I recently sat next to a woman at a chamber of commerce awards luncheon and exchanged business cards with her. Her card featured a caricature of her riding a fountain pen similar to a witch riding a broom.
She owned a specialty shop that carried office and stationary products, greeting cards, high-quality pens, and writing supplies. In addition, she sold a number of desk items and office products that could be engraved and personalized. Located in the back corner of a retail shopping plaza, her business was struggling and in danger of closing down. She advertised in the Yellow Pages, distributed flyers to local businesses, and even ran ads in the local newspapers, but she admitted to having a difficult time competing with the large office supply stores. She had all but given up hope.
I asked a few questions and suggested to her that perhaps some of the practices of successful salespeople could help her grow her business. She stood there staring at me in disgust, as if I had just blurted out something obscene to my kid after he missed a goal during his third-grade soccer match.
Finally, she broke the silence and said, "I'm already a very good salesperson, and if a customer comes into my store, I'm going to sell them something every time. My problem is getting them to come into the store! I don't see how a salesperson can teach me how to get customers to come in."
I told her about a woman I knew, Michelle Martinez, who owned a flower shop in Orlando called Michelle's Flower Shop. Michelle told me that in the area of town where she was located, it seemed like a florist operated on every street corner. She always advertised in the Yellow Pages, the local newspaper, and even on the radio when she could afford it. Unfortunately, her shop was losing money and she wasn't sure how much longer she could survive. She had not paid herself a salary in almost a year but still struggled to pay the rent and keep her account current with her suppliers. After more than two years in business, Michelle made the decision to close her shop.
One day at lunch, she told a friend of hers who sold real estate about her decision to close shop. Her friend gave her some profound advice. "Michelle, you're trying to compete with all the other florists in town for the same customers and in the same exact way. Before you close your business, try picking a specific group of customers as your target. Once you've done that, rebrand yourself to provide what they want, and promote your business where you can find them."
Michelle thought it over and realized her friend was right. Just like her competitors, Michelle depended on the big flower days—Valentine's Day, Mother's Day, Secretary's Day, Dan Norman's birthday… She advertised in exactly the same way as everyone else to draw people into the shop for anniversaries, weddings, proms, and funerals, as well as on those frequent occasions when guys do wrong by their wives or girlfriends and need to make up for it.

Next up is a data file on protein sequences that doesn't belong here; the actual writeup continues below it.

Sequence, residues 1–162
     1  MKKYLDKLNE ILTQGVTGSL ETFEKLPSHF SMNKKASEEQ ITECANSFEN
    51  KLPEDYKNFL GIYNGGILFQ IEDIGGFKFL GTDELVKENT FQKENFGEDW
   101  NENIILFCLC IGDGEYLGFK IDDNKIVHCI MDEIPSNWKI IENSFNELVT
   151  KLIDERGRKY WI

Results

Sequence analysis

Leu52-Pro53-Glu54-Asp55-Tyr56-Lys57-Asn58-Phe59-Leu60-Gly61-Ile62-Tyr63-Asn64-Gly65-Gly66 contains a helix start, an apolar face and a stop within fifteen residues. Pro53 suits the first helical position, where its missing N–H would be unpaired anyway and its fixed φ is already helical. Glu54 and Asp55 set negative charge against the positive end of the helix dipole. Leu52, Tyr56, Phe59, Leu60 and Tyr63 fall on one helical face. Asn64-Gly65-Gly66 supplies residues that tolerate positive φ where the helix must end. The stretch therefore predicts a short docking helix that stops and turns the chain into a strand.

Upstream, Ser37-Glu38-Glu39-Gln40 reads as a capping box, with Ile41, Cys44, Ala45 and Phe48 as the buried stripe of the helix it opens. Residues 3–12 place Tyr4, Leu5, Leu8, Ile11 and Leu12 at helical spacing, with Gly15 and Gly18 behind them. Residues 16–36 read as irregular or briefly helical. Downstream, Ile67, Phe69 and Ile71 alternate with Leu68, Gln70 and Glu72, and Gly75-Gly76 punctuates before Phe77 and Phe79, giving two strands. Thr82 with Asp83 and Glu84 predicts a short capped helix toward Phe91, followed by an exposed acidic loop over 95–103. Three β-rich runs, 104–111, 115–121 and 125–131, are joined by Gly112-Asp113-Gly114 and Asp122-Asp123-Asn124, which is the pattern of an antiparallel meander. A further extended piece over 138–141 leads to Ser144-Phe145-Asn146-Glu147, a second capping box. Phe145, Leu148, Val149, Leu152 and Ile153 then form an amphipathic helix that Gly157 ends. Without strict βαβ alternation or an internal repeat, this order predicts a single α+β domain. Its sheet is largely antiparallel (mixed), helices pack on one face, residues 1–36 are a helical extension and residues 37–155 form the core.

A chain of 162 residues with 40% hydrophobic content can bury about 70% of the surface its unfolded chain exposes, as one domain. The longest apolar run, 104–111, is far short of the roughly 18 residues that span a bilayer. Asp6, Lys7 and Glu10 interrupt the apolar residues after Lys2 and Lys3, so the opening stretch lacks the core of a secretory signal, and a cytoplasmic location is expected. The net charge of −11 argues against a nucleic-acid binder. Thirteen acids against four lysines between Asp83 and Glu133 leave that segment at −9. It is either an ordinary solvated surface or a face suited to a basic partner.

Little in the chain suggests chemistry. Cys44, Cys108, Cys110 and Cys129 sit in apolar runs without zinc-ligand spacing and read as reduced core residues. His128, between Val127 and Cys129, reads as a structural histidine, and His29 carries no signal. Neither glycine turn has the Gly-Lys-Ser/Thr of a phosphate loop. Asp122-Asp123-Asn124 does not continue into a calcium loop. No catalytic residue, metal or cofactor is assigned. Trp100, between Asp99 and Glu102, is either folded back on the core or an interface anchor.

Michelle decided to take her friend's advice and focus on a specific group of potential customers, rebrand her business, and go where those customers could be found. She picked her favorite type of event (weddings) for her focus and rebranded her shop as The Wedding Specialists. She changed her business cards and Website to reflect this specialty. She made a list of all the "touch points" where brides planning their weddings might go. She then focused her energy on making face-to-face sales calls to bridal shops, formalwear stores, jewelers, wedding planners, caterers, churches, and event-planning companies. Finally, she visited the meeting planners at hotels and restaurants that specialized in large banquets.
Michelle handed out stacks of oversized business cards at every location she visited, asking them if they could please give them to their bride-to-be customers. The front of the card read "Michelle's Flowers—The Wedding Specialists." It pictured a bridal bouquet, the store address with very clear directions (across from TGI Friday's) and her Website address. Printed on the back of the card was the following message for the bride, "When the wedding is over, give this card to your husband. He'll get a 2 percent discount on all of the flowers he buys for you. (…until he loses the card.)"
Michelle began to network at chamber of commerce meetings and business events and even joined a business lead exchange group. The last time we spoke, her business was doing very well and she was considering expanding.
Her success had little to do with simply persuading people to buy her products. Certainly she was making sales calls, but she wasn't selling flowers from the back of her car or trying to convince people to come to her shop and buy flowers right away. She picked a segment of the market, branded her business for that segment, focused on where prospects could be found, and took action to pull the targeted segment into her shop. Michelle's Flowers represents a great example of putting the best practices of successful salespeople to work in a nontraditional way to grow a retail business.
Dan Norman is a sales performance expert, a professional speaker, a columnist and the author of "Top Ten Selling—The Lumberjack Chronicles." He has hired and developed thousands of sales representatives and hundreds of sales managers. For more information, visit www.toptenselling.com or call 407.566.9741.